Creating Print On Demand Interiors and Covers Using Scribus Part 2

I have taken a few weeks to document all the steps required to use Scribus to layout the interior and cover for Print on Demand (POD) PDF files and thought about publishing it.

I decided to first publish on this blog, because I will hopefully get good feedback on missed steps or other suggestions from others who are also preparing their stories for POD publication or creating bookmarks or whatever.

If I work on approximately 5 pages each blog, it will take 8 blog posts or more  to get it all up.

If you missed Part 1 read it first.

Part 2

CreateSpace Requirements

You can read CreateSpace basic requirements for layout of your Covers and Interiors but I will list the main points needed.

CreateSpace requires a print ready pdf file with fonts embedded to process a POD book . The maximum accepted file size for the book interior is 400 MB.

The next important area of information is knowing the requirements for creating the interior PDF.

There are terms you may be unfamiliar with, but you need to learn them to understand the measurements required to set up a template for the interior.

Trim area

Where the page will be cut.

Bleed area

To print at or off the very edge of a page by design. Commonly used to accommodate images and illustrations.

Spine

The part of the cover that wraps around the bound edge of the book.

Gutter margins

These are by the book’s binding. You’ll want a wider margin for longer  (thicker) books. See the table for what to set your inside margins to.

Page Count Gutter (Inside) Margins Outside Margins
24-150 pages .375” At least .25”
151-400 pages .75” At least .25”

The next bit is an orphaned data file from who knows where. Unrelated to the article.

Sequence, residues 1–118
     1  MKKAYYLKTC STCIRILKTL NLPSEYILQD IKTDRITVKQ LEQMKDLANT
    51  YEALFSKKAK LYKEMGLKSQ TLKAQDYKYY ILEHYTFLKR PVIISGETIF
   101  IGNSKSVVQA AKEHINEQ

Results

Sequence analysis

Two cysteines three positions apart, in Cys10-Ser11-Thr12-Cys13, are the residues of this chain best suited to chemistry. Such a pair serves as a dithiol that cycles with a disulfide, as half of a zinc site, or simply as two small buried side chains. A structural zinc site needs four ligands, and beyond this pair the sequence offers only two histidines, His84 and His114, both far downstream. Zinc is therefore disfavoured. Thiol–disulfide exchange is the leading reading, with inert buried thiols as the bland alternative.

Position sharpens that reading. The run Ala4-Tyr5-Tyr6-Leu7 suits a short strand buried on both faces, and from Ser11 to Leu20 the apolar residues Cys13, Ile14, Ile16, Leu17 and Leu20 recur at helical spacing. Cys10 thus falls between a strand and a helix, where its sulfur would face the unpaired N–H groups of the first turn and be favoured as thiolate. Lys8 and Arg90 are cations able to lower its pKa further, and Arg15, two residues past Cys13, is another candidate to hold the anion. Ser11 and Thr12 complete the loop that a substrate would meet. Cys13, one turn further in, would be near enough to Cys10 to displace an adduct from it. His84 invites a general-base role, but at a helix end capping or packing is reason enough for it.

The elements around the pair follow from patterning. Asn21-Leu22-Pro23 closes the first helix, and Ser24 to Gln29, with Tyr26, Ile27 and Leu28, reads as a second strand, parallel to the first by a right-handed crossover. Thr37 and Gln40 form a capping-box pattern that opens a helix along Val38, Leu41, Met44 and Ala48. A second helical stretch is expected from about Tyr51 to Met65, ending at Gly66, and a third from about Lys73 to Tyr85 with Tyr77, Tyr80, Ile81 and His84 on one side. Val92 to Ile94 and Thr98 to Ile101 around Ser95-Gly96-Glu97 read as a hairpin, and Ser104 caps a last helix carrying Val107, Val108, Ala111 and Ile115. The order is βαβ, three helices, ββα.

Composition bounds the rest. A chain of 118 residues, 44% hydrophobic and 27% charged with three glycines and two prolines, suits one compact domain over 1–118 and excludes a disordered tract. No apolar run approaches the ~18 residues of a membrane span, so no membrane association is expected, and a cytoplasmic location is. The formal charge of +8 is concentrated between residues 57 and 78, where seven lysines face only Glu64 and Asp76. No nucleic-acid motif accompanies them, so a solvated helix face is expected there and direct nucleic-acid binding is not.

401-600 pages .875” At least .25”
More than 600 pages 1.0” At least .25”

These are the correct measurements at the time of writing this, but you can check for changes on https://www.createspace.com/Products/Book/InteriorPDF.jsp

Outside margin

These are the page edges opposite of the binding, and the top and bottom margins. All live text and images must have an outside margin of at least .25″ — but recommend an outside margin of at least .5″

Live Elements

The content within the viewable area (or safe zone) which is always seen. No essential elements are cut during the bookmaking process.

Expanded Distribution

To qualify for Expanded Distribution you have to have either your own ISBN or a CreateSpace assigned ISBN.

If you are using cream paper you have to use one of the following trim sizes to qualify for Expanded Distribution

Trim Sizes: 5” x 8”, 5.25” x 8”, 5.5” x 8.5” or 6” x 9”

Requirements before building templates

Size of book

The first requirement needed to create templates in Scribus is the Trim size of the book.

CreateSpace lists the Trim sizes available for Black and White and Full Colour books

Also needed are the number of pages to select gutter margin measurement, for both Black and White or Full Colour interiors.

Once the interior is formatted, the final page count is needed that includes front and back matter to calculate the spine of the cover.

I open my Word document, select all text, then set the page spacing to 1.5 and take a note of the number of pages.